Note: This article’s statistics come from third-party sources and do not represent the opinions of this website.
Though most of us in America have never had to worry about clean water outside the occasional boil advisory, bottled water is an extremely popular beverage. Many people don’t like the taste of their tap water, and in many places, their buildings still contain lead pipes. The water is usually not very cold from the tap, especially during the summer months, and it’s not very portable. Bottled water is convenient and readily available, but there are quite a few downsides to using it for the environment, and the water your drinking may not be much better than tap water.
Join us while we take a look at some bottled water facts and statistics to see if it’s really any better for you, and the price is justified.
Bottled Water Statistics
Bottled Water vs Tap Water
Bottled water is no better than tap water because federal guidelines require frequent monitoring to make sure the water is up to safety standard. Municipalities are also obligated by law to disclose to the public the test results, and they must notify the public if there is a problem. Furthermore, between 25% and 60% of bottled water is tap water, and tap water only costs pennies per gallon. The bad taste in tap water does not mean the water is hazardous and is likely a result of the cleansing and sterilization process. It’s easy to remove this taste by using a water filter at home. A single point filtration device is much less expensive than bottled water and is much better for the environment.
Facts on Bottled Water Production
Companies that make bottled water are not susceptible to the same scrutiny as public water sources. They don’t need to have the water tested for viruses or disclose to the public any problems that might arise with them. Most do not even publicly disclose where the water comes from, so most Americans know far less about their bottled water than about their tap water.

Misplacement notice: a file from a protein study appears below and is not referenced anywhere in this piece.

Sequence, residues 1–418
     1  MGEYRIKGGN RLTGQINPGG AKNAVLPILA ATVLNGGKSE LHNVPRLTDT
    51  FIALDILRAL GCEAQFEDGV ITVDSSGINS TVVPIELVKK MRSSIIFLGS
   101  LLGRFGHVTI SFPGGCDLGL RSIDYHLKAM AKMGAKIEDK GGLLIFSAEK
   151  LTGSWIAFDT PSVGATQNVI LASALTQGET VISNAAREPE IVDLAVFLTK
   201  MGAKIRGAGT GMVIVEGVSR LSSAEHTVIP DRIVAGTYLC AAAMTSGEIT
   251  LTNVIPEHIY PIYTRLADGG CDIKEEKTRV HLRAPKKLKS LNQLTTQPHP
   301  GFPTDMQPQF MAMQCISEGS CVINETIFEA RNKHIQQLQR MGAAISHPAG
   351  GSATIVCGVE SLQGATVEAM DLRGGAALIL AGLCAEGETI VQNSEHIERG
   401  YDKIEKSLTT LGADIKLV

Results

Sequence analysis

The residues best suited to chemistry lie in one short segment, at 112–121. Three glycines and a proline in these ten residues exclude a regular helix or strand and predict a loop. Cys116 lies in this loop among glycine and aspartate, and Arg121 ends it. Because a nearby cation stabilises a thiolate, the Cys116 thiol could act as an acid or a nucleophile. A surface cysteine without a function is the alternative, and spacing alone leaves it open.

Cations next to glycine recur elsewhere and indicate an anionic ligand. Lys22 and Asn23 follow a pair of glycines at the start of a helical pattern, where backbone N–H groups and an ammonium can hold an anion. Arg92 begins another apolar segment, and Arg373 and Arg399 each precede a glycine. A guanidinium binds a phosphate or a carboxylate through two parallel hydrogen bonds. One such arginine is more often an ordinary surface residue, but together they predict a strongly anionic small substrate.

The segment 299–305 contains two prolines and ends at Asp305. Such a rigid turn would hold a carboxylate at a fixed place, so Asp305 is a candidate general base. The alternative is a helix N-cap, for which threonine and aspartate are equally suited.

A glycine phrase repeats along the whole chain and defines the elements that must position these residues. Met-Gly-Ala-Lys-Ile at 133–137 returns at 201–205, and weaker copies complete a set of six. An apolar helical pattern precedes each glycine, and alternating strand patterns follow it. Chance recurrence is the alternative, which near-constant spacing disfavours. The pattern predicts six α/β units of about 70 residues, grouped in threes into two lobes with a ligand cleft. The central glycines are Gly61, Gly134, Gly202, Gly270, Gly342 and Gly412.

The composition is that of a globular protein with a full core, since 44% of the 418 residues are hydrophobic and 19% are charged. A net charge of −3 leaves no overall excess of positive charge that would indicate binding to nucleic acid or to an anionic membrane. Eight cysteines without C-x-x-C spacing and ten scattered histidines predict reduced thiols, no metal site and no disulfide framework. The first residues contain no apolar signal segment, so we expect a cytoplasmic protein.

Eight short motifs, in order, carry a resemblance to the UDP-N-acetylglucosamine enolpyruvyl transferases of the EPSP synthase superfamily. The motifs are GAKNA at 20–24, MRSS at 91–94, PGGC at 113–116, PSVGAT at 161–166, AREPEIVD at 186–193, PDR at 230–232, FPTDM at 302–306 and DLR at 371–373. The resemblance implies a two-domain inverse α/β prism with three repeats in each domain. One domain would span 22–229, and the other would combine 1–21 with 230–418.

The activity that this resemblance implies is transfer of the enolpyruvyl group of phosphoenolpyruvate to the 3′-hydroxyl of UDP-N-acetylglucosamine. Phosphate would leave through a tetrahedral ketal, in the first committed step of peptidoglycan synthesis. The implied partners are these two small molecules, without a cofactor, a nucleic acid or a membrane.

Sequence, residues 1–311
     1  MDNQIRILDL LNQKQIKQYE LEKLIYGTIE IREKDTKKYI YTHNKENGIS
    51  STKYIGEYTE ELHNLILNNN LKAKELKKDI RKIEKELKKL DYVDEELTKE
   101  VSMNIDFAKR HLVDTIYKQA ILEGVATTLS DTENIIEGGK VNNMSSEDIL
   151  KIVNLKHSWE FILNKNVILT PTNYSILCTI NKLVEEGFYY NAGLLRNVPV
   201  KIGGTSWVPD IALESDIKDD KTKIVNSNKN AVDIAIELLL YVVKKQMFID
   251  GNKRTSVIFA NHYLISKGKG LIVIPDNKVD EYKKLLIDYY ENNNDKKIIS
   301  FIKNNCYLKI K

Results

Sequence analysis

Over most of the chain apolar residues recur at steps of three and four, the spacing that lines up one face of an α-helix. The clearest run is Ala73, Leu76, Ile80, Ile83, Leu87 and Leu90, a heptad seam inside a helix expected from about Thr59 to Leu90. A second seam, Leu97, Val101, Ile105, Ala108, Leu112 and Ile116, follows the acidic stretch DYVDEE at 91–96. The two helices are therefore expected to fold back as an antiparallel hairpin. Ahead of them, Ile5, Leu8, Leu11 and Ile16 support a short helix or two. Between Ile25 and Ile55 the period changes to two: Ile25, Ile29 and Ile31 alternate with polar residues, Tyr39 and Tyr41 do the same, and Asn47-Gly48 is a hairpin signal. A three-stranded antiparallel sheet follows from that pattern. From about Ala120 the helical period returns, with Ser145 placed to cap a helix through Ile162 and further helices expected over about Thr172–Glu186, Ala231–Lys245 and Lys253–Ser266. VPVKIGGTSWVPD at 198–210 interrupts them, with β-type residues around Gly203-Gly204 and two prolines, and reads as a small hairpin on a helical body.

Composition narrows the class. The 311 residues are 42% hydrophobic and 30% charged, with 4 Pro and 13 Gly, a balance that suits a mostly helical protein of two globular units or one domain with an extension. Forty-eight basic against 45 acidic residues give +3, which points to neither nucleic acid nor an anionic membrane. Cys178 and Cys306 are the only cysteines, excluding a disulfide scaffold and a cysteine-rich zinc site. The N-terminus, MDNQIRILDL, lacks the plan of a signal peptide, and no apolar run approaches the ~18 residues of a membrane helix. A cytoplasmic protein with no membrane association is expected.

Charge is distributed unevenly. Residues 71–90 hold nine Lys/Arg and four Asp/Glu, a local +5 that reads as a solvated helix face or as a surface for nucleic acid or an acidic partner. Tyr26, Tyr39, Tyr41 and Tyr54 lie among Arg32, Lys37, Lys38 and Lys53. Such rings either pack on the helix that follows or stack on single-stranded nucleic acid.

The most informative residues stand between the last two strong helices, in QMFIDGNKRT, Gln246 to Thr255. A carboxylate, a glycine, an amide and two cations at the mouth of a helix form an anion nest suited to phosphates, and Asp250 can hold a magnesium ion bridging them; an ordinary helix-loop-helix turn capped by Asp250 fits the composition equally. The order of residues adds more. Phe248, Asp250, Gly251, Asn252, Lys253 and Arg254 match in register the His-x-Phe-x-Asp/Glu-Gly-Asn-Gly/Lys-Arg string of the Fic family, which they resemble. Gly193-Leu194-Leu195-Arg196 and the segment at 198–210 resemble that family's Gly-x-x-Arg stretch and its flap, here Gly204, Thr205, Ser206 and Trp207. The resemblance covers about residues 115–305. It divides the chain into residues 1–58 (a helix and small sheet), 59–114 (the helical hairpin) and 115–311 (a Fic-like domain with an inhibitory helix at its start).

The Effects of Bottled Water on the Environment
The effects of bottled water on the environment are wide-reaching. Up to 60 million bottles can reach the landfills each day. Many more bottles end up on the side of the road, in our scenic locations, and our oceans. They have found plastic in the stomachs of birds, turtles, and fish. In 2019, a dead whale had 88 pounds of plastic in its stomach, along with other contaminants humans had put there. The Great Pacific Garbage Patch is a large patch of garbage in the ocean created by water currents. It contains nothing but trash and is larger than the state of Texas.
We hope you have enjoyed reading our look into the bottled water industry and have learned something new. Even though water bottles are the most recycled type of plastic, we need to do more to protect our land and oceans from this long-lasting waste product. The best way is to stop using it. Use a home water filter to refill bottles to keep cold and take with you to stay hydrated. In many cases, allowing ordinary tap water to stand overnight in a glass pitcher is enough to allow the chlorine to dissipate, leaving the water tasting fresh and clean. If you think it can be helpful to others, please share these bottled water facts and statistics on Facebook and Twitter.
Featured Image Credit: congerdesign, Pixabay
Pete has been working in the trades since high school, where he first developed a passion for woodworking. Over the years, he has developed a keen interest in a wide variety of DIY projects around the home. Fascinated by all sort of tools, Pete loves reading and writing about all the latest gadgets and accessories that hit the market. His other interests include astronomy, hiking, and fishing.
As the founder of House Grail, David’s primary goal is to help consumers make educated decisions about DIY projects at home, in the garage, and in the garden.